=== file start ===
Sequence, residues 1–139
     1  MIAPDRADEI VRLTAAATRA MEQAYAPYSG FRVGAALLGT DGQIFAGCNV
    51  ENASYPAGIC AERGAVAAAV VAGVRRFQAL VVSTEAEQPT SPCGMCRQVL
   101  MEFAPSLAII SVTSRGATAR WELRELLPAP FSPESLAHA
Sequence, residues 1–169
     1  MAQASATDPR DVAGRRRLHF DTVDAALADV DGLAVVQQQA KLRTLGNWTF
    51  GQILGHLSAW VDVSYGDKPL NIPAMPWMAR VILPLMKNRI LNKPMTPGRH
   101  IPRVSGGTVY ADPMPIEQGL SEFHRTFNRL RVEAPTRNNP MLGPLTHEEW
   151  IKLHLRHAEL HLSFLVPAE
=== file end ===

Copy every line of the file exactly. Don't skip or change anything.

Sequence, residues 1–139
     1  MIAPDRADEI VRLTAAATRA MEQAYAPYSG FRVGAALLGT DGQIFAGCNV
    51  ENASYPAGIC AERGAVAAAV VAGVRRFQAL VVSTEAEQPT SPCGMCRQVL
   101  MEFAPSLAII SVTSRGATAR WELRELLPAP FSPESLAHA
Sequence, residues 1–169
     1  MAQASATDPR DVAGRRRLHF DTVDAALADV DGLAVVQQQA KLRTLGNWTF
    51  GQILGHLSAW VDVSYGDKPL NIPAMPWMAR VILPLMKNRI LNKPMTPGRH
   101  IPRVSGGTVY ADPMPIEQGL SEFHRTFNRL RVEAPTRNNP MLGPLTHEEW
   151  IKLHLRHAEL HLSFLVPAE